Are you looking to take your child(ren) out over the remaining days of the Easter holiday but don’t know where to go? Check out the following SEND-friendly places and events that you could visit with the family over the weekend…
Manchester Duck Race
Friday, 19 April, 11am-4pm (New Bailey / Spinningfields)
Watch hundreds (Maybe thousands? Let the kids guess!) of yellow rubber ducks race along the Spinningfields area of the River Irwell or try the different family activities – including gooey “slime challenges” – in this year’s rendition of the annual Manchester Duck Race.
Please note that the event will surely be very busy and, while it is not exactly advertised as “SEND-friendly”, proceeds from the event will benefit children accessing a Brainwave Programme.
A few useful tips:
- If it gets too busy for the kids, check out the People’s History Museum nearby. They have worked with parents and disabled people about inclusivity and accessibility, including producing a social story and video together with the Manchester Parent Champions
- From what we know, the closest public accessible toilets are in PHM (1 minute away) and in the Museum of Science and Industry (about 5mins walk).
Flip Out’s “ASD and Disability Sessions”
Sunday, 21 April, 10-11am (Flip Out Manchester)
Here’s what Flip Out has to say about these inclusive trampolining sessions:
During these sessions, we turn the music down low and the disco lights off to create a more relaxing environment.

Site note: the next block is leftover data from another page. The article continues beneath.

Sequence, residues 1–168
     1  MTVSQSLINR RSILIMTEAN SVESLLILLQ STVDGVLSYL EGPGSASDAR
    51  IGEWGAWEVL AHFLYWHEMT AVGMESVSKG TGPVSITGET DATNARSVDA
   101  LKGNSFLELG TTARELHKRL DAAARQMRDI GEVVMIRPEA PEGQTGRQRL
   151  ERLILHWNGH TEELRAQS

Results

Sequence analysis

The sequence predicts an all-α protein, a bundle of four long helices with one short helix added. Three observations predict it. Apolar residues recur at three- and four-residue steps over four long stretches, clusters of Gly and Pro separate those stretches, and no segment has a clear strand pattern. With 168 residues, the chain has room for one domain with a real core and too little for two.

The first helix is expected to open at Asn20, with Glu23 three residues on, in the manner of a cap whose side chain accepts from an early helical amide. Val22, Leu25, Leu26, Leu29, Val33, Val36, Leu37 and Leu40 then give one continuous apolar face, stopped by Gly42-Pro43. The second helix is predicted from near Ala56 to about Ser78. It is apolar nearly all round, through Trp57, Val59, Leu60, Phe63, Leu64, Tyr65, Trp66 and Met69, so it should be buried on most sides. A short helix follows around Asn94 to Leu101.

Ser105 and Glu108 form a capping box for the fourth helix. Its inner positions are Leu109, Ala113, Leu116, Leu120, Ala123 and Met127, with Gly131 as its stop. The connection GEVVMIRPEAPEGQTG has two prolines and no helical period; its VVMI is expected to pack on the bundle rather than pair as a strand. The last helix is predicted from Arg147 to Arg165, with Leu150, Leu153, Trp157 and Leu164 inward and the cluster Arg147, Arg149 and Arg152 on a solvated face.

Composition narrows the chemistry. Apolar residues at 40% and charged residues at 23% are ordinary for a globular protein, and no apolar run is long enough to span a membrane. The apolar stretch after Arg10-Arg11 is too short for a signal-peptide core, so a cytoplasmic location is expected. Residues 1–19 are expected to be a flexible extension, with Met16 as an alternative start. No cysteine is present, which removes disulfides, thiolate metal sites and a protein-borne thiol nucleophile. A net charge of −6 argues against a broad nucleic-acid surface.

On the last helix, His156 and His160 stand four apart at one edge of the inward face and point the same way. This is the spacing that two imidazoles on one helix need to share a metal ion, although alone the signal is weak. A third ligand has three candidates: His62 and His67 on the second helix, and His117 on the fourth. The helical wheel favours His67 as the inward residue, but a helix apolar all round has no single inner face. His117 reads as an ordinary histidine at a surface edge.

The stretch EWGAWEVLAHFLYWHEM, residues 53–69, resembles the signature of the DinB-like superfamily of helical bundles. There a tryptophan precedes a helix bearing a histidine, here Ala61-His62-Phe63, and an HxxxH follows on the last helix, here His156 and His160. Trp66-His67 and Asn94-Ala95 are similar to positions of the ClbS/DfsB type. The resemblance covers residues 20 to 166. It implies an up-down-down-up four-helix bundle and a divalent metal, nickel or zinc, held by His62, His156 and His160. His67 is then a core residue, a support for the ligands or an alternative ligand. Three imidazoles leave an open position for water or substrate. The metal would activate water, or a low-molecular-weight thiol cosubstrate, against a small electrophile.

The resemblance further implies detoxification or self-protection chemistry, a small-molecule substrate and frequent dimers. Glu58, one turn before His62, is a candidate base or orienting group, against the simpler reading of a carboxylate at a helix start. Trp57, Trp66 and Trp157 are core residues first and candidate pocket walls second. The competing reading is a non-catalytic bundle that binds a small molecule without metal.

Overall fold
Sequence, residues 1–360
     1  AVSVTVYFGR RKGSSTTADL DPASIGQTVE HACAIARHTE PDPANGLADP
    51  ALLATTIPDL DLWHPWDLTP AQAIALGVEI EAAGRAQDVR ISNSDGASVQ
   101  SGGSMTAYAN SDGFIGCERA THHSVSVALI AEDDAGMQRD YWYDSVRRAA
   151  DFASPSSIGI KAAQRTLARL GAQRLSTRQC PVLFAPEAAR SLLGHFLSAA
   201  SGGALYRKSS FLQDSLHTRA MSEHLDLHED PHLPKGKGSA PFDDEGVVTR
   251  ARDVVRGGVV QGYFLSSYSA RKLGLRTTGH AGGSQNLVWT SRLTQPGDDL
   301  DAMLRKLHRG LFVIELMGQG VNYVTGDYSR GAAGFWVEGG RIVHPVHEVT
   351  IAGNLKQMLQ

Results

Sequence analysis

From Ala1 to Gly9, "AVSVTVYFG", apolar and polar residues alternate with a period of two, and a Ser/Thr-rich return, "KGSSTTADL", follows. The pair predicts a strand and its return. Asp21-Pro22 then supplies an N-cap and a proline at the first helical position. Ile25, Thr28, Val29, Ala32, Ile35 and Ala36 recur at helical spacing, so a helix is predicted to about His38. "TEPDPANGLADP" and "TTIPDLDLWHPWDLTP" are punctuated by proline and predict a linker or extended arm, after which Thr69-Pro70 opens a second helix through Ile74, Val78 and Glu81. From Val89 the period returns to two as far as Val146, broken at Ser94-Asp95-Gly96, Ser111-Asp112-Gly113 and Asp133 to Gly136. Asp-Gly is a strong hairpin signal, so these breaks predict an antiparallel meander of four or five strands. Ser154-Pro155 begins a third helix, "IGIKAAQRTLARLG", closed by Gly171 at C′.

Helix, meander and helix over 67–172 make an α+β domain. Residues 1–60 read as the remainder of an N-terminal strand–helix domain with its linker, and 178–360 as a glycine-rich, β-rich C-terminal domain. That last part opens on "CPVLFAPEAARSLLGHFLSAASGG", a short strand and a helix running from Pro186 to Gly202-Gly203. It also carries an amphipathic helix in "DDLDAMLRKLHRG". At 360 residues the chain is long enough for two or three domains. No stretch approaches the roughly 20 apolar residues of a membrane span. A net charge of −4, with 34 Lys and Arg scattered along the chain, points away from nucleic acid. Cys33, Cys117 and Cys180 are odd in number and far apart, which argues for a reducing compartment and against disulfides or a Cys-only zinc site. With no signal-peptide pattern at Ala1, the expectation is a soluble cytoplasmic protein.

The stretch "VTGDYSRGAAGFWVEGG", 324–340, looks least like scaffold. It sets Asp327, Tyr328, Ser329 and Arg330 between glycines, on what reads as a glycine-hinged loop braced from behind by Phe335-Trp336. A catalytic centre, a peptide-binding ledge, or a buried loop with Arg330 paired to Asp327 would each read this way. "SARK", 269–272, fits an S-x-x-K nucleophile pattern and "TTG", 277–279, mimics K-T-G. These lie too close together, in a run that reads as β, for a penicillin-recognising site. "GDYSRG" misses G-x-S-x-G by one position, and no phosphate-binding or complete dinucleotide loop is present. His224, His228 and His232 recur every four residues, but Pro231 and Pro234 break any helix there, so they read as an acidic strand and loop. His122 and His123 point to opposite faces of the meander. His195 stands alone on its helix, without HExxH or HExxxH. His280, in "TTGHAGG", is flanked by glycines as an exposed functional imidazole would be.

Each session costs £7.50. Carers can come along for free.
Socks are required for the jumper and the carer for a price of £2 each
These sessions are on every Sunday and will be available as well this weekend.
Manchester Art Gallery
Opening Hours: 10am – 5pm (including Easter Monday); Closed on Good Friday 19 April
While MAG’s “Open Doors” workshop – their autism-friendly sessions, which normally take place on the third Saturday of every month – is unfortunately not on this Saturday the 20th, the art gallery does say that they “are dedicated to being accessible to all our family audiences. Please ask a member of staff if you need any assistance.”
They have “family explorer toolbelts” – activity packs that “will help you and your families make connections with the artworks, exhibitions and the building in a playful way” – which you can borrow from the front desk. There’s also the Clore Art Studio, an interactive space where families can explore art and have fun in ways that you might not have thought possible in an art gallery (they have hexagonal table tennis!).
Manchester Marvels Disability Sports Club
Saturday, 20 April, 1-3pm (Woodhouse Park Lifestyle Centre)
This is a weekly session, which we previously didn’t know about but found via the SEND Local Offer’s What’s On section.
Woodhouse Park Lifestyle Centre’s website describes it as:
This is a parent committee led group funded by Wythenshawe Community Housing Group. Fully qualified coaches organise a range of multi-sport activities that improve fitness, confidence and other life skills of young people aged 8-18 years. Young people of all diabilities are welcome to join.
Ages: up to 25 years
You can also learn more about this sports club by visiting MCR Active’s website.
National Football Museum
Opening Hours: 10am – 5pm (including Easter Monday)
PHM’s “Doodle Den”
Daily until Tuesday the 22nd, 10am-5pm (People’s History Museum)
PHM describes Doodle Den as “a relaxed space where visitors of all ages can take time out, pick up a pencil and explore ideas through drawing.”
Entry is free and the museum has published a social story to help prepare your child for the visit.